Hut Landon, explaining "Giving Back: The Value of Local Businesses to Cities."

"Hut has been my friend and colleague for almost 25 years. It will be hard to imagine NCIBA without him. No one has worked harder--or more effectively--in support of indie bookstores. While his contributions are readily apparent in California; Hut's work has had a real impact all across the country. From serving as ABA's reporter during the anti-trust trial to the launch of BookSense to the creation of Independent Bookstore Day--and everything in between--Hut is as responsible as anyone for the resurgence amongst indie bookstores nationwide. He has been a leader among his compatriots at the other regional bookstore trade associations, and we at ABA have come to rely on his counsel, suggestions and help.

"Hut always believed that indie bookstores would find their way, and his patience, steady hand and resilience have guided us through some tough times. There is not an iota of doubt that we are doing better today because of Hut Landon. To simply say that I--and all of us at ABA--will miss him hardly seems adequate. We wish him well." --Oren Teicher, CEO, American Booksellers Association

"The booksellers of Northern California have been extremely well-served by Hut. In fact, booksellers well beyond NorCal have benefited from his roll-up-your-sleeves, we'll-figure-it-out leadership and execution. From the creation of BookSense to the sales tax equity battle, from creating and sustaining the San Francisco Locally Owned Merchants Association to helping launch and support Bookstore Day, Hut's relentless pattern of saying 'yes' when others might say 'no' or 'well...' have helped improve the lot of indie booksellers all over the U.S. From grand vision in educating consumers to the nitty gritty of shipping thousands of tea towels, from pleasing publishers at trade shows to keeping an eye on the organization's bottom line, Hut's passion and attention to detail made him an integral part of our bookselling community." --Pete Mulvihill, co-owner, Green Apple Books

"To say Hut is fantastic at his job is one thing--and he is. But in my experience--and most NCIBA members know this--Hut goes way above and beyond the call to duty. When I inherited A Great Good Place for Books after the unexpected passing of Debi Echlin right after Thanksgiving almost 10 years ago, Hut showed up and worked at the store every weekend through the holidays. And when my mother died he came to the funeral. Hut Landon is a class act, and I will miss him terribly." --Kathleen Caldwell, owner, A Great Good Place for Books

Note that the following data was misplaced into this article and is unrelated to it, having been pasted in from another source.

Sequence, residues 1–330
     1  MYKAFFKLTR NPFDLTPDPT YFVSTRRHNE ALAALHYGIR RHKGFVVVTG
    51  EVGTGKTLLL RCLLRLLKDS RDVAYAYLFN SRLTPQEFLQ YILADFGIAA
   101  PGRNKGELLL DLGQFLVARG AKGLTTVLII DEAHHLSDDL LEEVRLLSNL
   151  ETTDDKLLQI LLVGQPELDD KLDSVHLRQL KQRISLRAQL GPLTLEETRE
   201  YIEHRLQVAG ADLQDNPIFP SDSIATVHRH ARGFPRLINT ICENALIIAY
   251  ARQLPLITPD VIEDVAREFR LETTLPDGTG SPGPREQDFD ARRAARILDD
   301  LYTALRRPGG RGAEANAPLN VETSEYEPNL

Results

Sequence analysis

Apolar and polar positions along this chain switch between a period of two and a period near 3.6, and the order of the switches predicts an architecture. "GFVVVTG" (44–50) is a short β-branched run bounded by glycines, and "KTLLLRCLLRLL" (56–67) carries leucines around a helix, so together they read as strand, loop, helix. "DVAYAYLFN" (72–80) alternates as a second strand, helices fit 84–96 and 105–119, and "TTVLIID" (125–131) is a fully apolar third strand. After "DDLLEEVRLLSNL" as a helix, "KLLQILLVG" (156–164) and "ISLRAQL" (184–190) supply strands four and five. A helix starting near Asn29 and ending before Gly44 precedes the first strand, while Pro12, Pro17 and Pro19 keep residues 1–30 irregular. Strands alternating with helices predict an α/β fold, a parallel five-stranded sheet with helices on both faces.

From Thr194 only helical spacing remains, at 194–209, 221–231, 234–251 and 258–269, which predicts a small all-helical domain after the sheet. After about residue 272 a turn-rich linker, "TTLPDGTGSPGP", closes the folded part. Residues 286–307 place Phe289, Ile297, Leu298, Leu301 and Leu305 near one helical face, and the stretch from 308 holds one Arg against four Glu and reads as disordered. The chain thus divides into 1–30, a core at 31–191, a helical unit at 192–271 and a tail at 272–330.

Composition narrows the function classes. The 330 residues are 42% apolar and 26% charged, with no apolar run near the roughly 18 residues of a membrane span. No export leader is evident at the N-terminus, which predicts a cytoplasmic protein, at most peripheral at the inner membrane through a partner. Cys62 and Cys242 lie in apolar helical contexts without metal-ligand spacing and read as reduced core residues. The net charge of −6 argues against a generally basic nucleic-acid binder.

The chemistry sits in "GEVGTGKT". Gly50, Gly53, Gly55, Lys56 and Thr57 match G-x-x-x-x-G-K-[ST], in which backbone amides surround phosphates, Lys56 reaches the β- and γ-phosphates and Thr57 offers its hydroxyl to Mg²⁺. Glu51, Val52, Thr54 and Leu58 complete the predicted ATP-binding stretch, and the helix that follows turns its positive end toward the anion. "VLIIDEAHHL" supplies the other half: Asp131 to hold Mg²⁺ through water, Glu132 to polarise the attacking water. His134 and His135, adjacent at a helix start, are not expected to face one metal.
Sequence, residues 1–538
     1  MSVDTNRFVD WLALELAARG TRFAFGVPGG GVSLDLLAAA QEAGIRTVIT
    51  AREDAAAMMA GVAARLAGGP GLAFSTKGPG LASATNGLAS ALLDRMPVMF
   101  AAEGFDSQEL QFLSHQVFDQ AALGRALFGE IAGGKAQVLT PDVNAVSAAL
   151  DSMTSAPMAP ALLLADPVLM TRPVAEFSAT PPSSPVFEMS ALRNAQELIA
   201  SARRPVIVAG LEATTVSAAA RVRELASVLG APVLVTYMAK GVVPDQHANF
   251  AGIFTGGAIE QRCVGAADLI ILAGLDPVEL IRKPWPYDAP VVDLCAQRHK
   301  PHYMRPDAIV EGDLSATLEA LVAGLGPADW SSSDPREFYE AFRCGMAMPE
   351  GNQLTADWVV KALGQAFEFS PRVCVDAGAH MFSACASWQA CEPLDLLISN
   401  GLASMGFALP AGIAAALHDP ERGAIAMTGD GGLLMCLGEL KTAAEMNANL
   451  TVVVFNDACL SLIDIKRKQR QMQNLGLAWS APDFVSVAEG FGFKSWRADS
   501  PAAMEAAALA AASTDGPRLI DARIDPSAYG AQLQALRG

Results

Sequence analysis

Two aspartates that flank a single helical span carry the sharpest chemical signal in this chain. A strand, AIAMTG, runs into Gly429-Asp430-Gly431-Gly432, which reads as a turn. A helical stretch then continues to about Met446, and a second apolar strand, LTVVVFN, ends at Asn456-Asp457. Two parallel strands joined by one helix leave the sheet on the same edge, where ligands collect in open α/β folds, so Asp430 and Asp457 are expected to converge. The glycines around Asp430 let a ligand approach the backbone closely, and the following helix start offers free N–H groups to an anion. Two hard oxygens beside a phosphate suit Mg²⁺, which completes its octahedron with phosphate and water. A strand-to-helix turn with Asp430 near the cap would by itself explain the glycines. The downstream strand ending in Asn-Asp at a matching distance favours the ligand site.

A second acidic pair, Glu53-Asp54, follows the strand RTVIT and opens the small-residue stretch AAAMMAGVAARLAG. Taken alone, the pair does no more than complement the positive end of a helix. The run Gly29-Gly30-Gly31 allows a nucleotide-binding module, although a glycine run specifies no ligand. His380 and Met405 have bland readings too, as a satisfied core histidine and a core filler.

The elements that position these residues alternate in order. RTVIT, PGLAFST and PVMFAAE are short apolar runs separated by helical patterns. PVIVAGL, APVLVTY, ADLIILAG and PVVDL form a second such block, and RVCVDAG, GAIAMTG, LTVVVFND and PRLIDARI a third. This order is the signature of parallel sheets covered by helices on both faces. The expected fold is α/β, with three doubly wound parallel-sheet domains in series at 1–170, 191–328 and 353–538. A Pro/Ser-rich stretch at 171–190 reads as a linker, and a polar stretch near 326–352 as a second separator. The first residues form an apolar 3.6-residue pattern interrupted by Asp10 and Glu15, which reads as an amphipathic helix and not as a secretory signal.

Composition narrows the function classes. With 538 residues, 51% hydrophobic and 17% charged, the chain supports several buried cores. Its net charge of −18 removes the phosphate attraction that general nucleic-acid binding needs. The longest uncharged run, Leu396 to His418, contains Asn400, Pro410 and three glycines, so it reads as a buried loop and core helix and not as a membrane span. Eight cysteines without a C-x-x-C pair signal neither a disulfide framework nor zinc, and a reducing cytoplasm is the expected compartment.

Landon (far left) at the unveiling of BookSense at NCIBA in 2001.

"I always considered Hut the best Big Picture guy among the regional leaders. Way back when, Hut was the major supporter and promoter of ABA's BookSense program, when many of us were relatively unsure on the concept. Hut helped ABA push it to its introduction and then campaigned hard for its transition to IndieBound. He was always in pursuit of programs that could lift up all independent stores, not just California's.

"I also remember Hut's rabid support of the American Booksellers Foundation for Free Expression. No one else from the regional associations took a stronger stand on Free Speech than Hut, and no one did a better job of rallying support than Hut did. He was also a huge supporter of the lawsuits against publishers over the issue of their 'special terms,' and in the fight against the government's 'special favors' to Amazon.

"Congratulations, and our thanks, to Hut." --Thom Chambliss, executive director, Pacific Northwest Independent Booksellers Association

"I love Hut. I first met him as the president of NCIBA, and of course, then as NCIBA staff, and finally, executive director. Hut is so good at his job. He remains unflappable and approachable at the same time. Not an easy combo. And with him at the helm, NCIBA has made so many contributions to bookselling, from being the first to claim 'Independent' in their name, to creating BookSense, to Indie Bookstore Day. And Hut has always shared. He is generous with his talent, time and creations. I will miss Hut more than he can imagine. And I can't picture NCIBA without him, but I know they will go on, and that Hut would have it no other way. Happy days ahead for Hut." --Wanda Jewell, executive director, Southern Independent Bookseller Alliance